Kansas confirms 103,000 cases of COVID-19, capping two-week surge of nearly 25,000

By: - November 9, 2020 1:12 pm
Lee Norman, secretary of the Kansas Department of Health and Environment, said Monday growth of COVID-19 across Kansas affirmed the necessity of people to adhere to recommendations to wear a mask and maintain social distancing. (Sherman Smith/Kansas Reflector)

Lee Norman, secretary of the Kansas Department of Health and Environment, said Monday growth of COVID-19 across Kansas affirmed the necessity of people to adhere to recommendations to wear a mask and maintain social distancing. (Sherman Smith/Kansas Reflector)

TOPEKA — Confirmed COVID-19 cases in Kansas surpassed 103,500 over the weekend as the state concluded a profound two-week period in which incidence of infection grew by nearly 25,000 and the number of people who died with the virus ballooned by more than 200.

The Kansas Department of Health and Environment reported the wave of infection was found to have reached 5,920 more Kansans from Friday to Monday, exceeding the 5,418-case rise confirmed from Wednesday to Friday. The back-to-back reports of unprecedented expansion fed anxiety among health professionals about capacity of hospitals and medical staff to handle cases requiring hospitalization.

“We know the virus is moving at an increasing rate around our state,” KDHE secretary Lee Norman said in a statement Monday. “We must remain vigilant as we enter the winter months. It’s more important than ever to get your flu shot, so that you remain healthy and we protect much-needed hospital bed space.”

More than 490 people have been admitted to a Kansas hospital with coronavius in the two weeks since Oct. 26, KDHE said.

The University of Kansas Health System was caring Monday for a record 68 patients in the acute infection stage of COVID-19, up from 53 from Friday, and an additional 28 hospitalized patients out of the most dangerous stage of infection. At HaysMed, the hospital Monday had 17 total patients with COVID-19, down from 22 on Friday.

Finney County Health Department, which includes Garden City, reported an increase of 89 COVID-19 patients on Friday. In southeast Kansas’ Crawford County the rate of infection has expanded to 22%, with the addition of at least 122 cases since Nov. 1.

In Sedgwick County, health officials said Sunday that 14,822 cases of coronavirus had been documented since March with an increase of 518 in the latest update. The 208 intensive-care unit beds at Via Christi and Wesley hospitals in Wichita were occupied last week for the first time in the pandemic, and the county’s rolling 14-day average of positive tests surpassed 20%.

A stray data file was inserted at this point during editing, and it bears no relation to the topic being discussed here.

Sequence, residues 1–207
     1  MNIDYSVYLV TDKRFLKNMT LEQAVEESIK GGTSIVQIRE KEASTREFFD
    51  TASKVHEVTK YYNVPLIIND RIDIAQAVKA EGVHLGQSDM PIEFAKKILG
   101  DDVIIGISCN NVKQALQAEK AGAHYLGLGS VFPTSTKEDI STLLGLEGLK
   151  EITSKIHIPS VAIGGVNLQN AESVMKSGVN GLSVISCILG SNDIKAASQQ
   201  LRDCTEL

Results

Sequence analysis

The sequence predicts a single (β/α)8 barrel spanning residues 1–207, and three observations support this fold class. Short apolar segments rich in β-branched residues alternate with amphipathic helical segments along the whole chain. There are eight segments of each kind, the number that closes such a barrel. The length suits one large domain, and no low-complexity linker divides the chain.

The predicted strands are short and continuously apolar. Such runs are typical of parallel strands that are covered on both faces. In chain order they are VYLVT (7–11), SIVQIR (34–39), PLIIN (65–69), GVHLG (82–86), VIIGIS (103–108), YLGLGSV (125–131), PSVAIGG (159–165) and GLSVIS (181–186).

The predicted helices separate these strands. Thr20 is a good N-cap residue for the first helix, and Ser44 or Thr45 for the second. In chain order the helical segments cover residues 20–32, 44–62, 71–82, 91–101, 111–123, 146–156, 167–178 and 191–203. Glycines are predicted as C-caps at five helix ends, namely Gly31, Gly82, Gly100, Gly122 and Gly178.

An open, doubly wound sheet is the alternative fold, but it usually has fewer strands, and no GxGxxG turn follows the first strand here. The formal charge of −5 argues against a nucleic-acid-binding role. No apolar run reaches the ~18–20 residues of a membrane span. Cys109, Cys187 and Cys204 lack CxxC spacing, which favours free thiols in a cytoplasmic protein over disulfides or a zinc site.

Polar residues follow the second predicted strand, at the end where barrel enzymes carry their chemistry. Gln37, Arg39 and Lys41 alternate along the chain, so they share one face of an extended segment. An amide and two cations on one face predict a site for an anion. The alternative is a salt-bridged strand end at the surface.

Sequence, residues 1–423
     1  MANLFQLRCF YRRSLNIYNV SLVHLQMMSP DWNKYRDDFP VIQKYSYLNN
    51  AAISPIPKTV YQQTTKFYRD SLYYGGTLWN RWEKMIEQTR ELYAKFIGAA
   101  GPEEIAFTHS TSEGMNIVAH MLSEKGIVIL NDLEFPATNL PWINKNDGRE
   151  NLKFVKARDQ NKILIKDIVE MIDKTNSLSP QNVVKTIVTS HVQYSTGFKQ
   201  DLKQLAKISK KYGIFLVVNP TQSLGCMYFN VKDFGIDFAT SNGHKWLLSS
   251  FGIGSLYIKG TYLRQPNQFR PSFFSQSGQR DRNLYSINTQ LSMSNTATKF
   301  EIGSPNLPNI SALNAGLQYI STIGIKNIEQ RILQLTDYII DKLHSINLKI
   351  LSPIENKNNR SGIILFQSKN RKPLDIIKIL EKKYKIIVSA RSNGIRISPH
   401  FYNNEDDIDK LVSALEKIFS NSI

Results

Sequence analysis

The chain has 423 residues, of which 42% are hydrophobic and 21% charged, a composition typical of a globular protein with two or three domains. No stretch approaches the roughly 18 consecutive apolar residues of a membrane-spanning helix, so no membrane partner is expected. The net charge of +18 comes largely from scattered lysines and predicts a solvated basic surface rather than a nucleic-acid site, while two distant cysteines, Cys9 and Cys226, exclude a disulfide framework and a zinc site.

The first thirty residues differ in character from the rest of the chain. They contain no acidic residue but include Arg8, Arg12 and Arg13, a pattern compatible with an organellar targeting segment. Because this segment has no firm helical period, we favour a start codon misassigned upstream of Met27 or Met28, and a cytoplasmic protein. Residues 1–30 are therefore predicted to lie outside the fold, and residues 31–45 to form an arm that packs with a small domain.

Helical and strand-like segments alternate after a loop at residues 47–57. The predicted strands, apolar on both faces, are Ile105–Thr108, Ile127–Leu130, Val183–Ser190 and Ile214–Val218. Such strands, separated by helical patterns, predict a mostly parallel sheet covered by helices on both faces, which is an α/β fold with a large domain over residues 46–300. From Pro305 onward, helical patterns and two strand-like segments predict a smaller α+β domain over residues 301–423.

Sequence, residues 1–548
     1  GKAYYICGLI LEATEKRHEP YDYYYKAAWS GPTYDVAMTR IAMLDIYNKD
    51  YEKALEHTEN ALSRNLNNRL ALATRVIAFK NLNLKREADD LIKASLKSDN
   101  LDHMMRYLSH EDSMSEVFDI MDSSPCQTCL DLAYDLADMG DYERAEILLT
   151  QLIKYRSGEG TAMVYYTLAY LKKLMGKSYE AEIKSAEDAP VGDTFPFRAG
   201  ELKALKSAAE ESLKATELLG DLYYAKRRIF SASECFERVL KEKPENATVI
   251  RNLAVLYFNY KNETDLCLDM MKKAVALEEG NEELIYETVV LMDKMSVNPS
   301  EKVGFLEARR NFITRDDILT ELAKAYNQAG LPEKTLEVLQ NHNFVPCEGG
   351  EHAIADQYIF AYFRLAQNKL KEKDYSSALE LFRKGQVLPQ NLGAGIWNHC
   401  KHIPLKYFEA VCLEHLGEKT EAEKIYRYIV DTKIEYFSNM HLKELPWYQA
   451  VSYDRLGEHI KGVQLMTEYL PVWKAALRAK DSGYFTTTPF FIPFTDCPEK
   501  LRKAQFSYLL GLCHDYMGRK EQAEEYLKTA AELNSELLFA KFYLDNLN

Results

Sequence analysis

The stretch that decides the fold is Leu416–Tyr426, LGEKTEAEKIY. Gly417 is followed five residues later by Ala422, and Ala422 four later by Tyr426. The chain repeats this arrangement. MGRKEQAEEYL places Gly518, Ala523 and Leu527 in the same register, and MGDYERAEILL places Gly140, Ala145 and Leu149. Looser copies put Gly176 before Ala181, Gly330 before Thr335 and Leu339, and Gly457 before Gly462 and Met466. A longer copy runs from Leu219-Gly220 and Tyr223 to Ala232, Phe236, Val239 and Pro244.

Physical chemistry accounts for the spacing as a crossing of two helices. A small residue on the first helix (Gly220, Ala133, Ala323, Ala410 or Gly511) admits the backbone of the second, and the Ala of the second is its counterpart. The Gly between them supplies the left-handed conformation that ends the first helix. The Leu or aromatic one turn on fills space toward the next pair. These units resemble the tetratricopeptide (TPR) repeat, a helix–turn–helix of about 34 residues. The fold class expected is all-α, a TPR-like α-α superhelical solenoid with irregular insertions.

Norman urged Kansans to practice social distancing and to wear a mask in a bid to deter expansion of COVID-19 in communities.

“These are proven methods to slow the spread and the only tools we have until a vaccine is readily available,” the KDHE secretary said.

On Tuesday, Gov. Laura Kelly and Norman will conduct a joint coronavirus briefing at the Capitol broadcast live at 4 p.m. on Facebook. KDHE publicly releases COVID-19 updates on Monday, Wednesday and Friday. The briefing with Kelly and Norman was scheduled to avoid confict with Veteran’s Day observances on Wednesday.

KDHE reported Monday the latest tracking reports pointed to 103,553 cases of infection, 4,138 hospitalizations and 1,181 deaths since the outbreak transitioned in March to Kansas. That reflected increases since Friday’s report from KDHE of 5,920 cases, 71 hospitalizations and 15 deaths.

And, here were those cumulative numbers from KDHE two weeks ago on Oct. 26: 78,676 cases, 3,646 hospitalizations annd 976 fatalities.

Kelly, the Democratic governor, issued a mask mandate in July. She sought to have every Kansas resident to wear a mask in public places where 6 feet of social distancing couldn’t be maintained. The Republican-led Kansas Legislature pushed through a law that rendered the governor’s emergency directive as advisory. Eighty of the 105 counties opted out of the mask rule.

The governor and top Republican and Democratic leaders in the Legislature recently agreed to promote the idea of mask-wearing, which became a partisan political issue during the presidential election. It’s not clear that voluntary effort has made a difference in behavior among Kansans.

Our stories may be republished online or in print under Creative Commons license CC BY-NC-ND 4.0. We ask that you edit only for style or to shorten, provide proper attribution and link to our web site. Please see our republishing guidelines for use of photos and graphics.

Tim Carpenter
Tim Carpenter

Tim Carpenter has reported on Kansas for 35 years. He covered the Capitol for 16 years at the Topeka Capital-Journal and previously worked for the Lawrence Journal-World and United Press International. He has been recognized for investigative reporting on Kansas government and politics. He won the Kansas Press Association's Victor Murdock Award six times. The William Allen White Foundation honored him four times with its Burton Marvin News Enterprise Award. The Kansas City Press Club twice presented him its Journalist of the Year Award and more recently its Lifetime Achievement Award. He earned an agriculture degree at Kansas State University and grew up on a small dairy and beef cattle farm in Missouri. He is an amateur woodworker and drives Studebaker cars.